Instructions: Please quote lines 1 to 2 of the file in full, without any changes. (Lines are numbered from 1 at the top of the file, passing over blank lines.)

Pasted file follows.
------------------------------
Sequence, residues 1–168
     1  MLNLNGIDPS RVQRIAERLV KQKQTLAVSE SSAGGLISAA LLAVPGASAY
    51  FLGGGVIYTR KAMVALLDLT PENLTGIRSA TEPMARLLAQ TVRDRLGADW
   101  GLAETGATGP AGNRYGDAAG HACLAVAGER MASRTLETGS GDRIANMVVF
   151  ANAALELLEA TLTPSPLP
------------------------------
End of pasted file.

Sequence, residues 1–168
     1  MLNLNGIDPS RVQRIAERLV KQKQTLAVSE SSAGGLISAA LLAVPGASAY